As Filipinos once again are looking to a potential female head of state to deliver them from a political crisis, it's hard to ignore the echoes of the people-power revolt that toppled the government here 14 years ago.
Daily street rallies marshalled by the middle class and the business community are demanding the resignation of President Joseph Estrada. Former President Corazon Aquino and prominent religious leader Cardinal Jaime Sin, who together rallied Filipinos in 1986, also are calling for Mr. Estrada to quit.
After a provincial governor accused Estrada of taking $11.5 million in bribes and kickbacks, charges which he denies, opposition congressmen last week began impeachment proceedings against the president.
But the differences between today and 1986 are as numerous as the similarities, and Estrada's fall is by no means assured.
Vice President Gloria Macapagal-Arroyo, who was elected on a separate opposition ticket in 1998, is slowly distancing herself from Estrada. But until Wednesday, she maintained that she would not join the calls for Estrada's departure because she is next in line to succeed him. Yesterday, Ms. Arroyo said that his resignation, "sad to say," would be a solution to the crisis. The diminutive Arroyo is the daughter of a former president, but also an economist who cut her teeth in electoral politics.
Ms. Aquino, on the other hand, inherited the political legacy of her assassinated husband, a popular politician, and made the transition from housewife to president on the wave of the people-power revolt.
And while the country has endured 28 months of his scandal-racked administration, Estrada's strength has always been support from the poorer classes, who still see him even today as a virtual reincarnation of his movie roles as their defender. Since he swept to power in 1998 with the largest margin ever won by a candidate, scandals have erupted involving cronies, mistresses, illegitimate children, and shady business deals. Manila's freewheeling press has complained about his lack of governance, inept leadership, and the questionable company he keeps.
One former friend, with his own shaky reputation, told spellbound congressional committees - testimony carried live on radio and television earlier this month - that he delivered to Estrada bribes from criminal gambling syndicates and kickbacks in national tobacco taxes. Luis "Chavit" Singson, governor of Ilocos Sur province, produced a detailed ledger of the payoffs to back up his claim and says he came forward after fearing an attempt on his life by another gambling lord who was favored by Estrada to take over legal gaming operations.
Estrada vows to dig in and fight. "I will never, never resign because I have a sworn duty to the Filipino masses. That is where [my critics] are mistaken in calling for my resignation."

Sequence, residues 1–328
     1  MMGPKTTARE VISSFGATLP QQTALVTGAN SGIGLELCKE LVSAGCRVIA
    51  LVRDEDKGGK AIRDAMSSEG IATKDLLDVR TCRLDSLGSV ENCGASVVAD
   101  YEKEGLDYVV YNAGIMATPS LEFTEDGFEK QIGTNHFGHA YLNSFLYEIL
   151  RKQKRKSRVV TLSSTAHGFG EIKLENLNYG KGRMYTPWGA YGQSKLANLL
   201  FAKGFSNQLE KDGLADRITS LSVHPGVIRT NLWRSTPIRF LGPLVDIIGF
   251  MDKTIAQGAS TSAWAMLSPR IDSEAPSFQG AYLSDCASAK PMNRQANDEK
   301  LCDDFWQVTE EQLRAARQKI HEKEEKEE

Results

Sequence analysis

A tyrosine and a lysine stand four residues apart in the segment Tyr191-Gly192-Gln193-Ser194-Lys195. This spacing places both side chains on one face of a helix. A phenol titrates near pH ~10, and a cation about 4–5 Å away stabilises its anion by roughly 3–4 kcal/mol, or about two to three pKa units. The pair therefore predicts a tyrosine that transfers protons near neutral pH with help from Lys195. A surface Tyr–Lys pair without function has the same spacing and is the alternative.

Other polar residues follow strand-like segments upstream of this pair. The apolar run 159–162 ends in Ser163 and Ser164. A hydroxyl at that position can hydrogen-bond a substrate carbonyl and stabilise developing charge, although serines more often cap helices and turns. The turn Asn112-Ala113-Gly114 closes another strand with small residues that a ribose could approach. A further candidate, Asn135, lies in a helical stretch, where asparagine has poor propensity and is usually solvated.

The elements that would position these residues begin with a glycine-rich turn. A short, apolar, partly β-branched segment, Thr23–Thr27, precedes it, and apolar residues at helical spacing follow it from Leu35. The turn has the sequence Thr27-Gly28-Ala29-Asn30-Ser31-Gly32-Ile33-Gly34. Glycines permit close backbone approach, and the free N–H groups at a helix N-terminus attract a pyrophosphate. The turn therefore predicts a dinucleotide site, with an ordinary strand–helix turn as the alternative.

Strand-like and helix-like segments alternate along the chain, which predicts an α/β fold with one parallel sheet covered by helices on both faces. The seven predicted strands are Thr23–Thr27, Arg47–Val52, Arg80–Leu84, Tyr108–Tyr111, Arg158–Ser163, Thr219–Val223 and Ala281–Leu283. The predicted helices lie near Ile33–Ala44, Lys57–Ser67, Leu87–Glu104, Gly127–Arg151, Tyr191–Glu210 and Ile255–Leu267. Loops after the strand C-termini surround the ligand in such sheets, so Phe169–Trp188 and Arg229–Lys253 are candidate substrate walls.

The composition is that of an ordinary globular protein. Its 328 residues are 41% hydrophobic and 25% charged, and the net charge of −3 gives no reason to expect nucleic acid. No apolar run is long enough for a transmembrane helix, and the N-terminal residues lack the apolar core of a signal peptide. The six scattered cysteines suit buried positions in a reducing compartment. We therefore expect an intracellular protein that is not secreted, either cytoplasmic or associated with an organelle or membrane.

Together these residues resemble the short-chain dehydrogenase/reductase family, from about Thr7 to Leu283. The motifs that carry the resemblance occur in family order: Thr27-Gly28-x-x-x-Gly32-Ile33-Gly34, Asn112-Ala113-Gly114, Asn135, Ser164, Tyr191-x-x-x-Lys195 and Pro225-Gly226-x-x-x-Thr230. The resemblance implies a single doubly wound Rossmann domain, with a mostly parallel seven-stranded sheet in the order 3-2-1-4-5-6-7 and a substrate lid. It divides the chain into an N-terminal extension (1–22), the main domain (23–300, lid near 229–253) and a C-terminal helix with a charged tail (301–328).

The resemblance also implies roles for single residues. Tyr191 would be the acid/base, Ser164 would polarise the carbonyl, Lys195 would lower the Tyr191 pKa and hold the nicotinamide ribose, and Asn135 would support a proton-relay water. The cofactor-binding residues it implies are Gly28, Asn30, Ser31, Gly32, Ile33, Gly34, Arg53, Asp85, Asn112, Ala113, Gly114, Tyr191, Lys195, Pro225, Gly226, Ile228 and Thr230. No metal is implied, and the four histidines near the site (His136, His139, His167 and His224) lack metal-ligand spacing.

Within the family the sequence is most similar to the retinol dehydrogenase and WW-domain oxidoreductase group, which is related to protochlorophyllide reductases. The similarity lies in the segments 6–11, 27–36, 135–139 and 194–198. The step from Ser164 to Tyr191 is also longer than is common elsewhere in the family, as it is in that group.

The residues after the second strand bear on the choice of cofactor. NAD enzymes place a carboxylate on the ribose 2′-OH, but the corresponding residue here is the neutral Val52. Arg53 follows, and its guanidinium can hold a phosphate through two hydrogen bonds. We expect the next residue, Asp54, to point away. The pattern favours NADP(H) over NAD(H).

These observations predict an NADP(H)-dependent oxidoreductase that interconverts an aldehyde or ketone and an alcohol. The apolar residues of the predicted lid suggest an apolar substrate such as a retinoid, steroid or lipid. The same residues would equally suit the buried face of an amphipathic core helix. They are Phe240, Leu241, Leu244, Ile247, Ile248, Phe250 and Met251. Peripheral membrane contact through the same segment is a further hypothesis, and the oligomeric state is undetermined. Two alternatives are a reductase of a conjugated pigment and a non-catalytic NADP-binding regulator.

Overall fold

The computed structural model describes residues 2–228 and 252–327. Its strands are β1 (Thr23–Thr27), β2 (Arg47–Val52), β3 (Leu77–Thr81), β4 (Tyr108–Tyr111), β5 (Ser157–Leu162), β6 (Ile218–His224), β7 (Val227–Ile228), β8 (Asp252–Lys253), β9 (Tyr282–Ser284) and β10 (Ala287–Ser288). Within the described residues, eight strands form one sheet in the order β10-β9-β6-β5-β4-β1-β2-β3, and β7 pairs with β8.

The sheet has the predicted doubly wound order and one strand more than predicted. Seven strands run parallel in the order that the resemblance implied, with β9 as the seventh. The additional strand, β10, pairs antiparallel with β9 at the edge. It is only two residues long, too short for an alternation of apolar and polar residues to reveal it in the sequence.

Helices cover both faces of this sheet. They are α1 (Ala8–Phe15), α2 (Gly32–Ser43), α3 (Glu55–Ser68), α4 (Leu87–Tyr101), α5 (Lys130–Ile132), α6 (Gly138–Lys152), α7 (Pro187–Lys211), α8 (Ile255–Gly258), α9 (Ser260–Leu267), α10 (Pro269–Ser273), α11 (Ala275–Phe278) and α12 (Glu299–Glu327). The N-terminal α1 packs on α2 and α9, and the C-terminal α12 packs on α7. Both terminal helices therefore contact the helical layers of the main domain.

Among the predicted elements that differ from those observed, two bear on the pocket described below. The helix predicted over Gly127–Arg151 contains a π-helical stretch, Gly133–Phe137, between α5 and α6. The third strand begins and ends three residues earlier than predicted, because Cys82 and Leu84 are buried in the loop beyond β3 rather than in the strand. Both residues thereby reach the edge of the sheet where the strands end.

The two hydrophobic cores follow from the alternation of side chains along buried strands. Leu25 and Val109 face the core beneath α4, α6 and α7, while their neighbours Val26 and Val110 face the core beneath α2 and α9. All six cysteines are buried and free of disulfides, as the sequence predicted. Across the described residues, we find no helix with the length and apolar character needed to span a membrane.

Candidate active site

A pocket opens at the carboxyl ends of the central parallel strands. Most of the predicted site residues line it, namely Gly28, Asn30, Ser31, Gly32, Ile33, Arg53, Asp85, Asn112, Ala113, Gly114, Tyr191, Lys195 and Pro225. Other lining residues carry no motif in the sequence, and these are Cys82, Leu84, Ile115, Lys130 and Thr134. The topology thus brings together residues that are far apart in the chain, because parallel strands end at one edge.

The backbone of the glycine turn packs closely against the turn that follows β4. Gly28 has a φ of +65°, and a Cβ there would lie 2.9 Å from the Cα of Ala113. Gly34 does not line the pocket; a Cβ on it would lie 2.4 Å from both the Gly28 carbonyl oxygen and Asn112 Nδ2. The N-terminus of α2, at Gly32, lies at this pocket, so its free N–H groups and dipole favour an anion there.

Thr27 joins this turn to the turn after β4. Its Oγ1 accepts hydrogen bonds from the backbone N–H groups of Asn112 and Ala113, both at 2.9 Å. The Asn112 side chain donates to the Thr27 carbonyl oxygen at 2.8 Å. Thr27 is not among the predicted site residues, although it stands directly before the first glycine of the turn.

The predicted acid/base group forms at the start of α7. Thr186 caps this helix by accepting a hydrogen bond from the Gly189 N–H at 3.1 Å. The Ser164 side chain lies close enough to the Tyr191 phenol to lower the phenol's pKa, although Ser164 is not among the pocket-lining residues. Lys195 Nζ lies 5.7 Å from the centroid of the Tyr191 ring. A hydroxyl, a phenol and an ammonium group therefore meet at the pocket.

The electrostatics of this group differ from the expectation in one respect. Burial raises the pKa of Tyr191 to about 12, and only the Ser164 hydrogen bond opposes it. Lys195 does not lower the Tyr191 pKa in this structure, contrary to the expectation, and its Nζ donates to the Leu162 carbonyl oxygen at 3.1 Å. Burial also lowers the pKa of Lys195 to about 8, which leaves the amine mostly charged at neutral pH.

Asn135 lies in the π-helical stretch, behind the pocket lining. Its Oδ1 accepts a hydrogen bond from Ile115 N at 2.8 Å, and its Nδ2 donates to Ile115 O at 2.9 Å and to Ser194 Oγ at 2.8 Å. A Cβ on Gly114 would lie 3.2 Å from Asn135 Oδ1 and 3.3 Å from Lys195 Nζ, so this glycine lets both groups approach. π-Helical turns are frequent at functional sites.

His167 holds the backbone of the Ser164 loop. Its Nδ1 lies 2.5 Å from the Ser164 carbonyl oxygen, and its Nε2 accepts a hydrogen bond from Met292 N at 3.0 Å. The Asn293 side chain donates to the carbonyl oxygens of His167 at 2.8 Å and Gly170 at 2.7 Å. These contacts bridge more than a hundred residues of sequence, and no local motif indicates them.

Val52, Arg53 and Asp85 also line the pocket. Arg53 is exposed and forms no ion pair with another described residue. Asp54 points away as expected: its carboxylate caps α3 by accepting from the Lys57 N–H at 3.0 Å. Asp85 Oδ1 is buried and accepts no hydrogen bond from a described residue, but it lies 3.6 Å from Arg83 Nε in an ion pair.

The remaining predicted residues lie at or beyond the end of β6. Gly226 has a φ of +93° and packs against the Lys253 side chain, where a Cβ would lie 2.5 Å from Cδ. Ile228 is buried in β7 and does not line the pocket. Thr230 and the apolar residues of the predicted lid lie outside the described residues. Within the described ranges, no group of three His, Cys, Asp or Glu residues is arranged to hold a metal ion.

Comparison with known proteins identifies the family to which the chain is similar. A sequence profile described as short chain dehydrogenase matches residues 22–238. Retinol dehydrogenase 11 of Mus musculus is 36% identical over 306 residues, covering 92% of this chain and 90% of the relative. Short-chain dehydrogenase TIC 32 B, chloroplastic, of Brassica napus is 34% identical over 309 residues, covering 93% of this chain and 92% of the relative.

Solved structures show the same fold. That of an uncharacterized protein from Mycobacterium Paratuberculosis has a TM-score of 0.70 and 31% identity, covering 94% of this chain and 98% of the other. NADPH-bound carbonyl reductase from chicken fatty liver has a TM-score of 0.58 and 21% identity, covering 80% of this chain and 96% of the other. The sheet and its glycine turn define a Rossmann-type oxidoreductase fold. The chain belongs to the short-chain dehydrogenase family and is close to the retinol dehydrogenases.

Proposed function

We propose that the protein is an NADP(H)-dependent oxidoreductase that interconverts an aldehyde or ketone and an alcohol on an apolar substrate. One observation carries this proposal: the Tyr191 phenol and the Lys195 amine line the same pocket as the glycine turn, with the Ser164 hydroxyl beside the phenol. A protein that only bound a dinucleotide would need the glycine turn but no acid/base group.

Estrada's supporters may even believe some of the allegations, but many express hope that he won't resign because that could create more instability. In a squatter area next to the gleaming corporate center of Makati City in the capital, Maria Senares sells vegetables in a makeshift store. "I don't want the president to resign because things will worsen," she says. Ms. Senares earns 360 pesos a day ($7.35), which puts her among those living below the poverty line. Senares adds that she does think some of the corruption charges against Estrada are true, "but most are trumped up by the politicians."
Her neighbor Alfredo Bati, an electrician, echoes the same sentiments. "I believe in some of the allegations," he says. "But I believe he gives [the money] to the poor," a reference to the Robin Hood-type characters Estrada has played in his former movie career. "Things will become worse if he resigns," Mr. Bati adds.
The impeachment process is viewed as lengthy, with little chance of succeeding, since the ruling coalition controls both houses of Congress. The military and security forces, whose support was integral to the overthrow of Ferdinand Marcos in 1986, have not made moves against Estrada.
What may drive the crisis is damage to the economy. Business groups have asked for a speedy resolution. Guillermo Luz, executive director of the influential Makati Business Club, said, "The longer we prolong this controversy ..., the more the economy will suffer." The country is still generating positive growth, but over the past two years, foreign investments have been plunging. The peso has lost more than 20 percent this year, reaching another new low yesterday, and the stock market, already comatose since a year ago when Estrada sparked the first crisis of confidence by interfering in an investigation into a friend's alleged price fixing at the bourse, has been declared dead by stockbrokers. Many foreign brokers have pulled out of the Philippines.
Estrada himself sought a way out of the crisis by suggesting last weekend that he was in favor of calling a snap election to resolve once and for all the electorate's confidence in him. Legal experts say this is not provided for in the Constitution, and would entail huge expenses which the budget, already in deficit, could not support.
Political analyst Alex Magno describes Estrada as "damaged goods" and asks the question uppermost in many Filipinos' minds: "Estrada may survive [impeachment], but can the economy survive Estrada?"
Central Bank governor Rafael Buenaventura broadly hinted it might not. At a meeting with foreign journalists, he said the crisis is not an economic issue but a political one "that requires a political solution." He pointed out that the economy can take the blows only up to the next 60 to 90 days at current interest rate levels. Other economists are predicting that once the peso collapses, the president's economic managers might be forced to abandon him. That would bring down Estrada faster.
(c) Copyright 2000. The Christian Science Publishing Society